St.Seraphim of Sarov russian Orthodox Saint
#11
(11-06-2010, 05:57 PM)Vetus Ordo Wrote: The pope calling an eastern schismatic a "saint" and puting him on the same level as St. Ignatius or St. Francis.

Incredible! John Paul II at its best.

St Seraphim was a very Holy Man. I used to be Russian Orthodox and know a fair amount about him he was my Orthodox confirmation Saint. While its true JPII shouldnt have put him up to the level of St Francis etc. remember that there are even rightous pagans in purgatory at least thats what a Priest told me.
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#12
(11-06-2010, 07:54 PM)Baskerville Wrote:
(11-06-2010, 05:57 PM)Vetus Ordo Wrote: The pope calling an eastern schismatic a "saint" and puting him on the same level as St. Ignatius or St. Francis.

Incredible! John Paul II at its best.

St Seraphim was a very Holy Man. I used to be Russian Orthodox and know a fair amount about him he was my Orthodox confirmation Saint. While its true JPII shouldnt have put him up to the level of St Francis etc. remember that there are even rightous pagans in purgatory at least thats what a Priest told me.

Listen, I don't even dispute the fact that Seraphim of Sarov might be in Heaven. Fortunately that is up to God, not me. What I dispute is that the Vicar of Christ should go out of his way to call someone who died outside the visible communion of the Church a "saint" and even dare to compare him to such figures as St. Ignatius or St. Francis.
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#13
St.Seraphim is a great Saint and His Holiness was correct in calling him so. Like St.Ignatius and St.Francis he put emphasis on the practice of the Gospel and had many mystical gifts of Christ. If you read his writings you will see all of that shine through him. 






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#14
(11-06-2010, 08:42 PM)Stephentlig Wrote: St.Seraphim is a great Saint and His Holiness was correct in calling him so. Like St.Ignatius and St.Francis he put emphasis on the practice of the Gospel and had many mystical gifts of Christ. If you read his writings you will see all of that shine through him.

Nevertheless, he died outside the Church. There's no way around that.

It's not the Pope's place to make private judgements of supposed sainthood towards those who die outside the visible fold of Christ.
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#15
(11-06-2010, 08:42 PM)Stephentlig Wrote: St.Seraphim is a great Saint and His Holiness was correct in calling him so. Like St.Ignatius and St.Francis he put emphasis on the practice of the Gospel and had many mystical gifts of Christ. If you read his writings you will see all of that shine through him. 

One is only a Saint if he is canonized by the Pope.  Was Seraphim canonized?  If not, then he's not a Saint regardless of his writings or how much one likes him.
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#16
Here you go, from Fr. Hardon's theological dictionary:

http://www.catholicreference.net/index.cfm?id=36247

Quote:saints
A name given in the New Testament to Christians generally (Colossians 1:2) but early restricted to persons who were eminent for holiness. In the strict sense saints are those who distinguish themselves by heroic virtue during life and whom the Church honors as saints either by her ordinary universal teaching authority or by a solemn definition called canonization. The Church's official recognition of sanctity implies that the persons are now in heavenly glory, that they may be publicly invoked everywhere, and that hteir virtues during life or martyr's death are a witness and example to the Christian faithful. (Etym. Latin sanctus, holy, sacred.)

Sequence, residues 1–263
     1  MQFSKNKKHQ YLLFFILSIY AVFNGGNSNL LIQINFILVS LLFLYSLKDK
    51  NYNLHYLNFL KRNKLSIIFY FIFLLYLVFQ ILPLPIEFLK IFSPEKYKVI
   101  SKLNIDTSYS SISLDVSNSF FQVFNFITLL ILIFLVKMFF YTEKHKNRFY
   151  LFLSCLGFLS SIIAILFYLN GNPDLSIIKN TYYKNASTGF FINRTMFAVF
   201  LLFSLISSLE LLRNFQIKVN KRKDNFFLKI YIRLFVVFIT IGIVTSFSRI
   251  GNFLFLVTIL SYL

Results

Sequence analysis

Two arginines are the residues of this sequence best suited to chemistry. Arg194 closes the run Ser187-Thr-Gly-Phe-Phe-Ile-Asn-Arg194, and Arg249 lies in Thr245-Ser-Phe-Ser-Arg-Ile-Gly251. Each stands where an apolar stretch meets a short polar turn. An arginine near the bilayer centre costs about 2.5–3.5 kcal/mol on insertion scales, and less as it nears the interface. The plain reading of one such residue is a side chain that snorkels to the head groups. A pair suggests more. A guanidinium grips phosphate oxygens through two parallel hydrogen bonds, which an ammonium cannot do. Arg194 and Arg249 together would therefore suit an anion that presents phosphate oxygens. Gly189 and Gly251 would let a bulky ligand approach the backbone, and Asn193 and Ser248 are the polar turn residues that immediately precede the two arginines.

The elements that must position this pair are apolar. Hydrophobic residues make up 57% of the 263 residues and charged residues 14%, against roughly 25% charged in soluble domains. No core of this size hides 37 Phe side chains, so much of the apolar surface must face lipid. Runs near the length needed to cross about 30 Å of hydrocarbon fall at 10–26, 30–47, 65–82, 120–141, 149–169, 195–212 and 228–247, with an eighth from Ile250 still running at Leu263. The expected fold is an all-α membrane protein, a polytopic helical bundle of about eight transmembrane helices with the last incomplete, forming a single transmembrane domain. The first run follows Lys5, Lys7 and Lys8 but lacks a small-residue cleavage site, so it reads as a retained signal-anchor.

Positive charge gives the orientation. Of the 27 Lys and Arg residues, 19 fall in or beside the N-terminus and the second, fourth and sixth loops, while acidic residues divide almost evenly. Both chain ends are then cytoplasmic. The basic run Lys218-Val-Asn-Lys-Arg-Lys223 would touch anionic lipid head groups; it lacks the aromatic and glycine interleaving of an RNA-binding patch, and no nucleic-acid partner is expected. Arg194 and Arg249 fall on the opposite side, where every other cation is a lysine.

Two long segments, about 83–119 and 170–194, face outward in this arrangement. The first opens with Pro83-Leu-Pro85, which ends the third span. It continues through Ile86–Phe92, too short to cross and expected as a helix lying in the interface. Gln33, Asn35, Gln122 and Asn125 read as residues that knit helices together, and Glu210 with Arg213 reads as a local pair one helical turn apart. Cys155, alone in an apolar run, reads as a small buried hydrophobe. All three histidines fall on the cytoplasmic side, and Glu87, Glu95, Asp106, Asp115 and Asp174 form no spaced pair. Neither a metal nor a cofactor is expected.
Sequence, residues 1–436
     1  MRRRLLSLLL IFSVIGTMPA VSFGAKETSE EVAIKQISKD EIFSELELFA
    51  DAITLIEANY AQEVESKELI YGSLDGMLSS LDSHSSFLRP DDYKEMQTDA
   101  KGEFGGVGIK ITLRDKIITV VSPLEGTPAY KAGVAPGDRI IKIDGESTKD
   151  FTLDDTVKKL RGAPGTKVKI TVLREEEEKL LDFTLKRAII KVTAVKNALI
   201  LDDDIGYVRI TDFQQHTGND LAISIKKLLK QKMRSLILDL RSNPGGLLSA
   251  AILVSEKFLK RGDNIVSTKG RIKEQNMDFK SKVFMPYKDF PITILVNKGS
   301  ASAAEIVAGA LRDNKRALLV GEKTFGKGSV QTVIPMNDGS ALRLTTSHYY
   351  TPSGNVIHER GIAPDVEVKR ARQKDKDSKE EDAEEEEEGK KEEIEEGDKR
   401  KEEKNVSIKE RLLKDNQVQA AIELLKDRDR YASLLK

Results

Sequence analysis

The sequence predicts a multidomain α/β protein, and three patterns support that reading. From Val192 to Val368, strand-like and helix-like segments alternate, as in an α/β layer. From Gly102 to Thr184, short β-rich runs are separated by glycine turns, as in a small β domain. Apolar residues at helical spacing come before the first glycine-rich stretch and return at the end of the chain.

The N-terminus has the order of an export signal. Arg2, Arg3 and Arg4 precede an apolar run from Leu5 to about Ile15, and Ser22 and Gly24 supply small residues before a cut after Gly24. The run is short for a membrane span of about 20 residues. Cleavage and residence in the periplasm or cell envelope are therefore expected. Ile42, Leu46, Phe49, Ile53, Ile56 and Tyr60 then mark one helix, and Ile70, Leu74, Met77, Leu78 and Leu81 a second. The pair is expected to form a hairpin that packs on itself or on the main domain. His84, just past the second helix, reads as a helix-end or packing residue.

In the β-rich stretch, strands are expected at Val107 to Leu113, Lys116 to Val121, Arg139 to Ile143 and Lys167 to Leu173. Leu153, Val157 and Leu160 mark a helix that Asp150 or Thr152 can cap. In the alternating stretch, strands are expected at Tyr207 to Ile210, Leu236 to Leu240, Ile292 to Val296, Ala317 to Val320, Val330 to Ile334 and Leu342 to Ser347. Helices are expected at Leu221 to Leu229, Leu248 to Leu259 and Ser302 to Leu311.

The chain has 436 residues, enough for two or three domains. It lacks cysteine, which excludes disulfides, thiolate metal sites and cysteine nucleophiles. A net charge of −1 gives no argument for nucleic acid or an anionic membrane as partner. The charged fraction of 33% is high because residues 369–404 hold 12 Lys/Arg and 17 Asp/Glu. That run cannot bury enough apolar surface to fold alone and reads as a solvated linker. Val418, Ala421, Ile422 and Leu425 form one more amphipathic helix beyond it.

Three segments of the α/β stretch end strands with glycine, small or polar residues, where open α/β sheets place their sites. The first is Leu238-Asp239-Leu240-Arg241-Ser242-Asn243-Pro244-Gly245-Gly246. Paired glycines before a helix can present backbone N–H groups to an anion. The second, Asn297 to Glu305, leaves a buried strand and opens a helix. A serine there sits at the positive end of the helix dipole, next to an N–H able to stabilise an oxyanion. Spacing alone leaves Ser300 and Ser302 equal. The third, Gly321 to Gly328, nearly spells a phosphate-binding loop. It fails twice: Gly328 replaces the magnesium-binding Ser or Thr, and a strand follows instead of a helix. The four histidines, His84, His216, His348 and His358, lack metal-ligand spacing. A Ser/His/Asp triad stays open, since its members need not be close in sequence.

Serafim AFAIK is neither honored by her ordinary universal teaching authority as a saint nor has he been canonized.  Ergo, he is not a saint.
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#17
What about Gregory Palamas? I found his practices very reminiscent of (non christian) eastern meditation practices, but I think Uniates are allowed to do that and honour him
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#18
(11-06-2010, 10:09 PM)justlurking Wrote: What about Gregory Palamas? I found his practices very reminiscent of (non christian) eastern meditation practices, but I think Uniates are allowed to do that and honour him

Yes Palamas had a whole weird thing with the "essence" of God and the Uniates ARE allowed to venerate him even though the west has declared what he teaches at least borderline heresy.
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#19
(11-06-2010, 10:31 PM)Baskerville Wrote:
(11-06-2010, 10:09 PM)justlurking Wrote: What about Gregory Palamas? I found his practices very reminiscent of (non christian) eastern meditation practices, but I think Uniates are allowed to do that and honour him

Yes Palamas had a whole weird thing with the "essence" of God and the Uniates ARE allowed to venerate him even though the west has declared what he teaches at least borderline heresy.

When were they allowed to venerate him? Before or after the Council?
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#20
(11-06-2010, 10:33 PM)Vetus Ordo Wrote:
(11-06-2010, 10:31 PM)Baskerville Wrote:
(11-06-2010, 10:09 PM)justlurking Wrote: What about Gregory Palamas? I found his practices very reminiscent of (non christian) eastern meditation practices, but I think Uniates are allowed to do that and honour him

Yes Palamas had a whole weird thing with the "essence" of God and the Uniates ARE allowed to venerate him even though the west has declared what he teaches at least borderline heresy.

When were they allowed to venerate him? Before or after the Council?

Not sure. But I talked to a someone who is a uniate and he used him as his confirmation name.
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